Psalm 62, 21 Jan ’18

The first four verses of the lectionary reading (5-12) sketch a divine presence that is strong, constant, and a safe refuge. David invites us to wait with him in silence, trusting in this ‘stronghold’. Verses 5 and 6 repeat the first two verses of the psalm, and are therefore an integral antiphon within the poem.

A call to silence entering the worship space at Taizé, France.

Translators and composers have taken various approaches to that opening verse, interpreting our accessional state as resting, being still or silent, waiting or even walking. The response in TiS 33 says:

Rest in God alone my soul.

Simple and gracious, while the first line of the verses in that setting says:

Ps62 in the Wode Psalter 1564-1625

Yet be still my soul, and wait for God.

An interesting variation, with a sense of mobility rather than stasis, appears in the Wode partbooks (see the text illustrated at right and an earlier post on Psalm 62):

Yet towards God with silence have I walked; in whome alone all health and hope I see.

The next section of the Psalm goes on to warn against the pursuit of riches, social precedence, extortion or other iniquities and inequities. The psalmist concludes with a reminder of steadfast divine love, and our consequent responsibility.

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Here’s a brief list of some of the musical offerings:

  • Those looking for a traditional hymn might find an SATB setting by Schütz from 1661 (My soul is silent in my God, SWV 159) useful, if rather conservative in style and harmony. It draws on the set of Lutheran hymns in the Becker Psalter in Leipzig of 1602.
  • A small choir of sight-readers would enjoy presenting one of the two settings by Lassus of selected verses of this psalm. But wait! Closer examination reveals that one is by Orlando di Lasso senior (1532-94) and the other by his son, Ferdinand (1560-1609). Both delectable.
Incipit to Ps. 62:8,9 for six voices by Orlando de Lasso, 1573
  • The responsorial refrain in Psalms for All Seasons is actually a Taizé setting, so the photograph above of their invitation to silence is again relevant. As usual, verses are sung to a tone by cantor or small group.
  • Everett in The Emergent Psalter produces a typically thoughtful but uncharacteristically sparse refrain (one chord, no syncopation, even notes), complete with silence. It can be sung as a two-part round.
  • Psalm 62 in TiS No. 33 has not been much sung at South Woden, mainly because it usually comes up close to Australia Day, for which we have sung music from Australian composers: these verses are used by permission from A New Zealand Prayer Book and the tone is from a ‘source unknown’. However this year it falls a week away from that not altogether comfortable date for the national anniversary; further, the selection in TiS includes verses that, rather unusually, coincide with the lectionary reading; and finally, they are [I regret that I must repeat ‘unusually’] inclusive. So it’s on the plan, while Roger and Willa lead our worship. All singers invited.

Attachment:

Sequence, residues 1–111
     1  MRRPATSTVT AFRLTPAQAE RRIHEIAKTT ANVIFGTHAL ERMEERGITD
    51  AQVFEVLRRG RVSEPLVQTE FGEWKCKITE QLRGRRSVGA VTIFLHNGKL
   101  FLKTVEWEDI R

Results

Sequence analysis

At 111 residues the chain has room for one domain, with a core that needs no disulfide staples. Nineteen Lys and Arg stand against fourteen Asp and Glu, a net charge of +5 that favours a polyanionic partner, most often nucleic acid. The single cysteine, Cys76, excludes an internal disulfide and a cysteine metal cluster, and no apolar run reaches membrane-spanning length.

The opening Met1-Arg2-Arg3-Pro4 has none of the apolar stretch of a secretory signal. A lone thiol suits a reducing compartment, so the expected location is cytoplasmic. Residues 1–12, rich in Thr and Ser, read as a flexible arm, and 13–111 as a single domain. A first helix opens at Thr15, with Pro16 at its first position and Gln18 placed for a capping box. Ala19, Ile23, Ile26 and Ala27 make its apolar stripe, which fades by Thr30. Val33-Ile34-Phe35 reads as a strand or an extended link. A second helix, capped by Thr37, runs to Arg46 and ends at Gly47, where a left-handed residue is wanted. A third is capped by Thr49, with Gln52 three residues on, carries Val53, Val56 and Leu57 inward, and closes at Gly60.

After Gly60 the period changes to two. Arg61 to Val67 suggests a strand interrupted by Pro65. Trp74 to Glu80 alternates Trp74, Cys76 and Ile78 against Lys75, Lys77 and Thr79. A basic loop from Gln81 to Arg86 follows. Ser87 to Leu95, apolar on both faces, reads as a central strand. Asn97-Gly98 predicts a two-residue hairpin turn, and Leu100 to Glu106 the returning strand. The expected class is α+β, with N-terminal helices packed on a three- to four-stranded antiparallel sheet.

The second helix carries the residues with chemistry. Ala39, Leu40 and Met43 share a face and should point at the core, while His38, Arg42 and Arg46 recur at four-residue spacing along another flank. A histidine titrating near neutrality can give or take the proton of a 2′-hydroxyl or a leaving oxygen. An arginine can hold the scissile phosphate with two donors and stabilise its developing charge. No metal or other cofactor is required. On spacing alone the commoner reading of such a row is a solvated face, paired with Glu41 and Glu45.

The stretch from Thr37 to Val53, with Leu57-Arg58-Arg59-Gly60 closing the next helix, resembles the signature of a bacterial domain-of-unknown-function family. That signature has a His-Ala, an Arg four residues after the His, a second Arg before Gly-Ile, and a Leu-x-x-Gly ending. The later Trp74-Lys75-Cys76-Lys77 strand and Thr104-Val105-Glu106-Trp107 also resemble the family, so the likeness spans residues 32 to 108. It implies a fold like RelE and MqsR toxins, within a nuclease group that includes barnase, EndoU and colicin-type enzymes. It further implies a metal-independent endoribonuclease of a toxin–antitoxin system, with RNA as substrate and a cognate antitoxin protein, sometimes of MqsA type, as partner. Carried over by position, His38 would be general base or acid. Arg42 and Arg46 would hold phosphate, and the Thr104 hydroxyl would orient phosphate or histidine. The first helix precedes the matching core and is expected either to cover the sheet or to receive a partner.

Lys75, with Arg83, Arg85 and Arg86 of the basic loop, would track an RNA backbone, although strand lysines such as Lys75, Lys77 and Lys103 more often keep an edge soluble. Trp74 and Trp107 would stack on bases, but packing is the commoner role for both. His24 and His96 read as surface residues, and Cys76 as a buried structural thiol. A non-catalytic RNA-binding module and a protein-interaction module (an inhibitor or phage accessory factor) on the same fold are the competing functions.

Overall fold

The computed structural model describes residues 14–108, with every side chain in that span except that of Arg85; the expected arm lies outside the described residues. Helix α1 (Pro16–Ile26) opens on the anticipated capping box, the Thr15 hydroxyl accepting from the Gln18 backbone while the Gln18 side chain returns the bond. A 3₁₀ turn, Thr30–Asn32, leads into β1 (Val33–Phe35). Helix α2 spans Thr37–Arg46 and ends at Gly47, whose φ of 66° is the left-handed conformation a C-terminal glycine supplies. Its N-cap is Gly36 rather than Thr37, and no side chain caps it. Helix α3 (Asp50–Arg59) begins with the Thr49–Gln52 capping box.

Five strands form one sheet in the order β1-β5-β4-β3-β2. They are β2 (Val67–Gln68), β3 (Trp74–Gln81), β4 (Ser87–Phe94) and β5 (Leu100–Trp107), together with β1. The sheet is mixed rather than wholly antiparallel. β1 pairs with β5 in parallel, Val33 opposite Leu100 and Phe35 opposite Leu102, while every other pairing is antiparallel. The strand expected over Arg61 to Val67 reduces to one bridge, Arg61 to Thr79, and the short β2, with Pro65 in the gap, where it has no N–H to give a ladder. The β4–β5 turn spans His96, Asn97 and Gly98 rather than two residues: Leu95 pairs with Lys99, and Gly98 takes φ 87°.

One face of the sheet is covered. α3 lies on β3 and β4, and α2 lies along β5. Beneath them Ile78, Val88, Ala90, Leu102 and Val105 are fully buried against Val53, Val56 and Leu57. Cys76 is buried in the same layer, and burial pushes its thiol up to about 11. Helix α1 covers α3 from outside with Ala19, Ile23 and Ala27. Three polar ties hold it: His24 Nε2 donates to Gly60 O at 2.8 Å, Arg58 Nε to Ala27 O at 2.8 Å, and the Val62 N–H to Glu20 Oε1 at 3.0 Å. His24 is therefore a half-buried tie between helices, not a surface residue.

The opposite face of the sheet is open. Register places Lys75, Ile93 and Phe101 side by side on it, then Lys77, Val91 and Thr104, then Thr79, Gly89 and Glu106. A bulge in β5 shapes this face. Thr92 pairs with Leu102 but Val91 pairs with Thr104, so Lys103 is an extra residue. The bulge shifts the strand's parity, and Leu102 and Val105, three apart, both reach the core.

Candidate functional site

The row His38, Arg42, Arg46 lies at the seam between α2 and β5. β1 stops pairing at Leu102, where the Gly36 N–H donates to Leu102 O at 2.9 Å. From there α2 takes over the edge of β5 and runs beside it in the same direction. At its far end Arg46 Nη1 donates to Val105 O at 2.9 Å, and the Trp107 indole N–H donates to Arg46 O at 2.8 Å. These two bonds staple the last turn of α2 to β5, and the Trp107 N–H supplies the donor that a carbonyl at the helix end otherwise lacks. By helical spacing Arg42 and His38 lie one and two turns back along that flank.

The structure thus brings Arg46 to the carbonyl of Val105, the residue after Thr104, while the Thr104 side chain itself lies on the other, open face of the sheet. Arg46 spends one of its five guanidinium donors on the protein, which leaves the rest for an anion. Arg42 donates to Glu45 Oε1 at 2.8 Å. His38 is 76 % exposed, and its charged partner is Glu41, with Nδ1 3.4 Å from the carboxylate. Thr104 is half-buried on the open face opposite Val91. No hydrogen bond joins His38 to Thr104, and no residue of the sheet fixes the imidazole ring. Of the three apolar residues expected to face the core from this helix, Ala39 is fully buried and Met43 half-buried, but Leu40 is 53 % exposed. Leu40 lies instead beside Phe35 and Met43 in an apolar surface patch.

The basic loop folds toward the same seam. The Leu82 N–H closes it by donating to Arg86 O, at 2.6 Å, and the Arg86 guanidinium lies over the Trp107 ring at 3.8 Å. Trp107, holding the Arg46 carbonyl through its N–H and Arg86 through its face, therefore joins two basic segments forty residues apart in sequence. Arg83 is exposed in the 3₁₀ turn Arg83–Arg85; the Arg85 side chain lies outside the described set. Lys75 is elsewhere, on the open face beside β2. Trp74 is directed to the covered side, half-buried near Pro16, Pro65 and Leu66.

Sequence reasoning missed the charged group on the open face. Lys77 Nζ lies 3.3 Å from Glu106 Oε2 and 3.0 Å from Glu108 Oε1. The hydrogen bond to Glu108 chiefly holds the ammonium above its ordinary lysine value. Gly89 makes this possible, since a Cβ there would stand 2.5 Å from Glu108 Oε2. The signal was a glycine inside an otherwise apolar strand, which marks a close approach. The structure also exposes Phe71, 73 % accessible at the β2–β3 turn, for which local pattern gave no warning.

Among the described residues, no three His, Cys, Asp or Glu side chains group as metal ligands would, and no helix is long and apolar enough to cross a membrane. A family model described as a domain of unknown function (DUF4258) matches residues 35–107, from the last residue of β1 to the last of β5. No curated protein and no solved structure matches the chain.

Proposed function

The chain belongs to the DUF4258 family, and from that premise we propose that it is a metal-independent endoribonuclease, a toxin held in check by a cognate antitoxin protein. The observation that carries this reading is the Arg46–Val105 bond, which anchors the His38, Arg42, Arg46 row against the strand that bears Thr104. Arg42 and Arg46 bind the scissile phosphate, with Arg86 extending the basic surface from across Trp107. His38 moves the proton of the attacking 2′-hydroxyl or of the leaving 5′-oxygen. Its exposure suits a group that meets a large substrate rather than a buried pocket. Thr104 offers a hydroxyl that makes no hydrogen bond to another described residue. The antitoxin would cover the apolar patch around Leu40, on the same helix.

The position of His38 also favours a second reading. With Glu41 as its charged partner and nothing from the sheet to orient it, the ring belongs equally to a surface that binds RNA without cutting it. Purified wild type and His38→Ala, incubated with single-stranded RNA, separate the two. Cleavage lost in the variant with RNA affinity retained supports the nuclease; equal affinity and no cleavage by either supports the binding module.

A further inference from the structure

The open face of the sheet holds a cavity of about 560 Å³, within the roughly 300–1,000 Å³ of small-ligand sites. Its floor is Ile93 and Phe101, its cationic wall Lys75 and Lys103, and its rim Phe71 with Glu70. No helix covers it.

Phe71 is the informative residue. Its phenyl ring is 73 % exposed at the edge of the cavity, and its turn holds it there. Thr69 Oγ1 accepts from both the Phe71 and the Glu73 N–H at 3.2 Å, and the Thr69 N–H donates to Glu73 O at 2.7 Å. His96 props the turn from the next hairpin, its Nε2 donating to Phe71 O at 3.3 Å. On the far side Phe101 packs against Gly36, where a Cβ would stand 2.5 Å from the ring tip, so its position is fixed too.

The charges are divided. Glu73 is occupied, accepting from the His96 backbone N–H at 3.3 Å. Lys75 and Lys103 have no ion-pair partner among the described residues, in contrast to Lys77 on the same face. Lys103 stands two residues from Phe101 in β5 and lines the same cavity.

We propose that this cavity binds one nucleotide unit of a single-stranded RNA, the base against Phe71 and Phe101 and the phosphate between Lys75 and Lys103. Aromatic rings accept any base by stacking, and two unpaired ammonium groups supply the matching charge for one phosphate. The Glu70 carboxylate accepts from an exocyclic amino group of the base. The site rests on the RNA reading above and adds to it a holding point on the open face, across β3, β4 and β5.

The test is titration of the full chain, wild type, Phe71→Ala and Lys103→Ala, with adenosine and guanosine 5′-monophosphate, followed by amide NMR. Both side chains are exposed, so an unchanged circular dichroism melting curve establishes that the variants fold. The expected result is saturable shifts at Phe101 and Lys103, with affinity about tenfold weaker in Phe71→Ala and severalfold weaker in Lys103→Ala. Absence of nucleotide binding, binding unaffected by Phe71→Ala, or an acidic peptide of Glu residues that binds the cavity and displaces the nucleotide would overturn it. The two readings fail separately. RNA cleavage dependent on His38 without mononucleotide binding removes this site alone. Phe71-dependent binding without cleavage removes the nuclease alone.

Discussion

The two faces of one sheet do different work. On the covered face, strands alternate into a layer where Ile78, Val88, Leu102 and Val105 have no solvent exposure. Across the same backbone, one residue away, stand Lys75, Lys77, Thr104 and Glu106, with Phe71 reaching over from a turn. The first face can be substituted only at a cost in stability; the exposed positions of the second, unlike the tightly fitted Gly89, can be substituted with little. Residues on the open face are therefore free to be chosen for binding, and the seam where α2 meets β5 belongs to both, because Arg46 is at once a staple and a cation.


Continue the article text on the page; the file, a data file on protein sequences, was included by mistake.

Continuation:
Psalm 134

Ascent

This short psalm, another ‘skip‘ as it does not appear in the RCL, is a song of ascent, or gradual. Hence the illustration, one I have used for songs of ascent over several years. It took my fancy since it looks like inspiring countryside and a great view, but a perhaps a tough and indirect climb. Who has climbed that path over the years, I wonder?

But let’s not be daunted —  the songs of ascent (fifteen psalms numbered 120 – 134) are usually simple, short and sweet.

Psalm 134

Like the preceding 133, this one has but three verses. Does that make a song? What do you do with three verses? (Psalm 124 runs to four verses). Three approaches might be taken:

First, just do the usual thing; find a good setting and sing with pleasure.

Silence entering Taizé
Urging silence at Taizé in France (silence — the same word in English and French)

Second, at the other end of the scale we can make more space, simplicity and silence in our music. So three  verses is a true gift. Leave space for thought and reflection on the catalytic lines the psalmist is feeding us. (I humbly admit to omitting the odd verse from time to time in my cantor duties.) Create your own way of presenting verses, holding atmosphere during silence with restrained tones, and leading a meaningful response.

  • Psalms for all seasons 134C is right for this. The refrain, accompanied by light keyboard and flute but taking care to leave some ‘daylight’ between phrases, goes: Silently, peacefully, we will rest in you. Verses are sung to a simple tone with nice chords and, again, plenty of space.

Third, even if you add an antiphon after each verse (as in Psalm 136 which has this approach inbuilt) it’s still short. So you could repeat the refrain as a round or ostinato for situations like a vigil or reflective period.

  • The Emergent Psalter takes this approach, using verse 1 and a tune that can be sung as a three-part round.

Psalm 134 may not included in the lectionary but it could still be employed to excellent effect, taking any approach, as music for reflection.

Psalm 62, 25 Jan 15 (2)

Ps62 in the TWode Psalter 1564-1625
Psalm 62 in the Wode Partbooks 1564-1625

An earlier preliminary post on this psalm, since refined, featured the Wode Partbooks (pronounced ‘wood’)  in the British Library. Tempting, but this Sunday being close to Australia Day we shall not sing from its ancient treasures.

The Psalm

Turning initially to the text, the first verse we read or hear (this reading being verses 5-12) is one that caught our attention in the previous post:

For God alone my soul waits in silence, for my hope is from God (v.5)

David (the psalm is attributed to him) goes on to declare that we have a firm foundation and refuge in God. In verse 10, he takes a heavy swipe at the pursuit of status, wealth and power. I wonder if then as now, 1% of people hold 99% of the wealth.

On a lighter note, I was not going to reblog this good one from Theologygrams as it was more relevant during Advent (the purple, of course), but…  My excuse: verse 10 (‘extortion’) made me.I’m not sure that Thomas Wode would have appreciated it, but you never know. Thanks to Rich Wyld.

Music

Libby is looking for everything Australian to mark the national day on Monday, including an aboriginal version of ‘Our Father’ and other good Australian songs to enjoy. A home-grown psalm response will be offered.

RoosVerses. Psalm 62 in TiS No. 33 is not by an Australian composer such as Christopher Willcock. However it does include verses that, unusually, coincide with the lectionary reading. Further, they are [I regret that I must repeat ‘unusually’] inclusive.